Interview: Mike Hammah
Why are land rights an issue for foreign investors?
MIKE HAMMAH: The history of Ghana’s land administration has been fraught with challenges. Governments have moved our land policy back and forth. Now we have a land commission, and the goal has been to harmonise regulations under a “one-stop shop” concept. The legal framework is in place, but in terms of the physical integration of these laws, we still have some way to go.
The Ghanaian government only owns about 20% of the country’s land. The remaining areas are described as custom lands. Most of this land faces the challenges of indefinite or multiple owners, which causes social agitation between traditional authorities or groups. This is not only an issue for international investment. Because of unclear titles, there is a lot of latent capital in the system. We have been able to extend title registration throughout the regions, and the turnaround time for receiving land titles has been reduced to an average of two months. As the government deals with the issue, the impact will be felt not only by international investors, but especially by Ghanaians.
How can local processing and transformation for mineral commodities be encouraged?
HAMMAH: We need to decide what the focus of the mining sector should be, and how it can promote growth. If we want to reap the maximum benefits of our mining resources, we need to promote value added products and local content. We are currently following the 2012 mining initiative, which focuses on mining support services, and essentially promotes and encourages the participation of Ghanaian companies.
We are also building capacity along the entire value chain, which will ensure that we add value each step of the way. A good example of this is the Precious Minerals Marketing Company, which exports raw diamonds and has now opened a local diamond polishing plant in Accra. We are also working on constructing a gold refinery to add value to gold. When countries want to reap greater benefits from their natural resources, they should go beyond simply exporting raw commodities, and this is what we envision for Ghana. This policy is directed at creating jobs and enhancing the value of the precious minerals that come from our land. The next step will be to encourage mining-related business incubators that can use the exploration of minerals to spin off into new productive ventures.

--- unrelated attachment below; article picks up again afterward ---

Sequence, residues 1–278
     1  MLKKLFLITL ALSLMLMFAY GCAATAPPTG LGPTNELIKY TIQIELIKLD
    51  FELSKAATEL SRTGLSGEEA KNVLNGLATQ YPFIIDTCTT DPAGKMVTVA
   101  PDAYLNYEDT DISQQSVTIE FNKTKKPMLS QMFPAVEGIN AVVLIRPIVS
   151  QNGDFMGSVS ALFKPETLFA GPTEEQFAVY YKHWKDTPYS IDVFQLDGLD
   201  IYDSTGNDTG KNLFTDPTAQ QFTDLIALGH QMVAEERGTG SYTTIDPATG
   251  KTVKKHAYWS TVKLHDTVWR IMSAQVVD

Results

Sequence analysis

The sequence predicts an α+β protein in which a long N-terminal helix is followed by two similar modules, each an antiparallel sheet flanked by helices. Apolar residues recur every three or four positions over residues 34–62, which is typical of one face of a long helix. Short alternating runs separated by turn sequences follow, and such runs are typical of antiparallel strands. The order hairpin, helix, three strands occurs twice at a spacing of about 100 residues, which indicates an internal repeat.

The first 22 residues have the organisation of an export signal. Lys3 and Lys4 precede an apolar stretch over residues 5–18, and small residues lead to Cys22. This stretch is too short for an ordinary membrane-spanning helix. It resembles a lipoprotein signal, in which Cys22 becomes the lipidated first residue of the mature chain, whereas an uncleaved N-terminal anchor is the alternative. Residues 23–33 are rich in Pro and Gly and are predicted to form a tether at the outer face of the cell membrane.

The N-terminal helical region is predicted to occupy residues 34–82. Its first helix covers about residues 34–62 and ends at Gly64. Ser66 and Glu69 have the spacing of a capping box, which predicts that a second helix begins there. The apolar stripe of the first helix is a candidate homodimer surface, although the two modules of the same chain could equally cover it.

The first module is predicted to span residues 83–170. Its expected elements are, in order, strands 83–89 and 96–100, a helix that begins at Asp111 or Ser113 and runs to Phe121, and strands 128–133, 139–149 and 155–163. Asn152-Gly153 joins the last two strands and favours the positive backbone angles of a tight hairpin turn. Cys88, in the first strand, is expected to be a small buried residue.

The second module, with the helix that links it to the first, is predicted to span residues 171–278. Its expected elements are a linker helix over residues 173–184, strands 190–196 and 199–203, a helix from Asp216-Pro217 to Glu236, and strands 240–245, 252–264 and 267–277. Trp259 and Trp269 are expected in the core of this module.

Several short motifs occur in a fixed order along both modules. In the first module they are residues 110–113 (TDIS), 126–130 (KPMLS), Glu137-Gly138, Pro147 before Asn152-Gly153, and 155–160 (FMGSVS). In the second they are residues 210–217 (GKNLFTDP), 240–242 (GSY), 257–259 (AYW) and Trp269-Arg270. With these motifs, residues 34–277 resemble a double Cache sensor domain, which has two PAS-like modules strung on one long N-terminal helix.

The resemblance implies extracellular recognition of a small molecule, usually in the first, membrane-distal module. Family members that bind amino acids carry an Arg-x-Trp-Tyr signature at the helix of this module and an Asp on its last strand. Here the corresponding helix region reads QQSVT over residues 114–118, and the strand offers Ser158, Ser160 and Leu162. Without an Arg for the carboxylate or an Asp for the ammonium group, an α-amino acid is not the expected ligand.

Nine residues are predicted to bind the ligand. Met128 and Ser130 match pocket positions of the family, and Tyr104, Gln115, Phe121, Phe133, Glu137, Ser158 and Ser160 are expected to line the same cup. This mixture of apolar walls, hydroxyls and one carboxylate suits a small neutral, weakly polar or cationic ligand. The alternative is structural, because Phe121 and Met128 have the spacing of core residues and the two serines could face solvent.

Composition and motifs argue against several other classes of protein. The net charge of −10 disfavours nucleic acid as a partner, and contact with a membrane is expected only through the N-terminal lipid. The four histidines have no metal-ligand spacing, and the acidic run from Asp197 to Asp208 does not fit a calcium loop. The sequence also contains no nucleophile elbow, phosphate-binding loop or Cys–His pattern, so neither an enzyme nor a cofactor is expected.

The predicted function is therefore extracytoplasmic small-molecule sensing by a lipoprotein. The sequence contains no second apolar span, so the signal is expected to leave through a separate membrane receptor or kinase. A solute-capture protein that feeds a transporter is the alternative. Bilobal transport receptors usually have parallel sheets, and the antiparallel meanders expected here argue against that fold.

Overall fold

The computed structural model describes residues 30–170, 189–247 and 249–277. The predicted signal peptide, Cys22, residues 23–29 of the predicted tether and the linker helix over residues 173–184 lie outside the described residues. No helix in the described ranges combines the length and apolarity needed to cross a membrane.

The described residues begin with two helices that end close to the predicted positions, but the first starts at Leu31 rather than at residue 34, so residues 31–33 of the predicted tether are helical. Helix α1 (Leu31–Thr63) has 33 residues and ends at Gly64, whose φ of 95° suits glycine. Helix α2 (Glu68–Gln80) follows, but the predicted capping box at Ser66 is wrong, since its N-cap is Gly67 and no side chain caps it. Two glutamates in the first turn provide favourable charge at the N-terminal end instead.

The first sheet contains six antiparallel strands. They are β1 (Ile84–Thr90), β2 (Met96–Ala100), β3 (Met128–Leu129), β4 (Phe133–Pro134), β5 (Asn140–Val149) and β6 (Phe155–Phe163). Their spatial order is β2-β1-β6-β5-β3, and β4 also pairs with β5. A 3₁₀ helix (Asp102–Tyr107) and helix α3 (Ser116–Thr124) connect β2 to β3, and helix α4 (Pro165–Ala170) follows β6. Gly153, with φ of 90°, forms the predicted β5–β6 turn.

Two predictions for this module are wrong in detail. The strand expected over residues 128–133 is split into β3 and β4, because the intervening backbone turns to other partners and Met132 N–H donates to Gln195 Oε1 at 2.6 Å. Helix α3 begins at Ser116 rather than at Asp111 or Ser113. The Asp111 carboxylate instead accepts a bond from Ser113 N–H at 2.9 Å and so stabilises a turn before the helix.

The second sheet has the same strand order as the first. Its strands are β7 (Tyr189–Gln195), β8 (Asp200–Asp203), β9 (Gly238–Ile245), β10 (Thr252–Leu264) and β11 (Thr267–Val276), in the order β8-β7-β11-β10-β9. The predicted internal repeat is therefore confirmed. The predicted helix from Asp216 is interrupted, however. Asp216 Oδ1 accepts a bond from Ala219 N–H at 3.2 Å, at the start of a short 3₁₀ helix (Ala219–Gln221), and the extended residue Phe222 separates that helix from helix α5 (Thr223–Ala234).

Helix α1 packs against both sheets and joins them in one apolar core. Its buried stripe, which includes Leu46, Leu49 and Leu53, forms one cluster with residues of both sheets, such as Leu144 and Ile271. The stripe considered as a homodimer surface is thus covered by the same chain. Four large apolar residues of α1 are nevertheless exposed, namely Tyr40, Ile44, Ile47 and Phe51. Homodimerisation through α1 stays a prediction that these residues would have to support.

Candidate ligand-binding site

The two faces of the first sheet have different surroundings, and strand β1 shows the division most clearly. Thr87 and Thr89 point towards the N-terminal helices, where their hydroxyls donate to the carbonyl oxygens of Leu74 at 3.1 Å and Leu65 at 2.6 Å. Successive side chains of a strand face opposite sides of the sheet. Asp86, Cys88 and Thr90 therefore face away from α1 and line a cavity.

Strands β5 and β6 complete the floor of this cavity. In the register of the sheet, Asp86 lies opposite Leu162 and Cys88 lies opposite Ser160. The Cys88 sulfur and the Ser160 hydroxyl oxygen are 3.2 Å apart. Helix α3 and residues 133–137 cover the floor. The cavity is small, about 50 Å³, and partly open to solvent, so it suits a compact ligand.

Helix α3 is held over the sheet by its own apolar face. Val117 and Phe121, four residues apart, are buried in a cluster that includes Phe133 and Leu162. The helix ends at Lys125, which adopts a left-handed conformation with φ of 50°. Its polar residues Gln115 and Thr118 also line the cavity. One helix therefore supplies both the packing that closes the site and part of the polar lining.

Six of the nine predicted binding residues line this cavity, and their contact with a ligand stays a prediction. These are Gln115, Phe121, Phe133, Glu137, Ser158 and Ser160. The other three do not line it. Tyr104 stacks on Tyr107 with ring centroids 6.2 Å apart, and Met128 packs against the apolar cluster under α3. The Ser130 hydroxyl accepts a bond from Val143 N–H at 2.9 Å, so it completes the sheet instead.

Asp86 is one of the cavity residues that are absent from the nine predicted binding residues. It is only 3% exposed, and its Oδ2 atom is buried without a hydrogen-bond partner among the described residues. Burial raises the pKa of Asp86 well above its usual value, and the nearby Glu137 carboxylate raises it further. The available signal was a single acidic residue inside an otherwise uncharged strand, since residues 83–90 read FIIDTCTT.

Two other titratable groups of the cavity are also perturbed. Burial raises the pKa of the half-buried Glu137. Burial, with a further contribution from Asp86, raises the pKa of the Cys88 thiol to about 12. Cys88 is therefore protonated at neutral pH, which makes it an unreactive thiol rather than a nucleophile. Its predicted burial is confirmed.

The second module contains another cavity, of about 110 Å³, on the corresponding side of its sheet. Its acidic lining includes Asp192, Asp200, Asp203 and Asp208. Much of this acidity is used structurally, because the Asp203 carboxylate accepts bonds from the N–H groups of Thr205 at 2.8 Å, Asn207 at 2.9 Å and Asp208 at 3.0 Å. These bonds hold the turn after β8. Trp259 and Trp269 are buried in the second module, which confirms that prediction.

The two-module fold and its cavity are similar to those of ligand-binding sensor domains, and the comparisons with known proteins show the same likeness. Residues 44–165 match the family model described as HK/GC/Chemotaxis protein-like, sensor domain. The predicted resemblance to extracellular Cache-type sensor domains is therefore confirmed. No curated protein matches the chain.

What can the government do to balance increased royalties and taxes with foreign investment?
HAMMAH: In recent years we have seen that the African continent has been moving towards getting more benefits from its mineral resources. Keeping that in mind, we need to make sure that whatever we do, we do not do it alone. When evaluating investment conditions, companies compare countries and try to determine where their investments will turn the highest profit.
Ghana will continue to be an attractive place for investors in the mining sector, but we still need to be proactive. We try to balance incentives to attract investors while ensuring that the local communities that bear the brunt of the operations are well protected.
In what ways can the environmental risks of mining be assessed and reduced?
HAMMAH: It is essential for us to broaden stakeholder consultation and encourage partnerships amongst all stakeholders. Government, civil society organisations and industry operators need to understand that we must work together to ensure sustainable mining operations. It is important that we advocate healthy business practices and focus on the future consequences of our actions. Even if natural resources become depleted, future generations will see power plants, highways and airports – infrastructural benefits that come from mining. We have to ensure intergenerational equality, since future generations also have a stake in these resources. If we mine responsibly, we can put in place structures that allow the growing population in the future to benefit from the operations taking place now.
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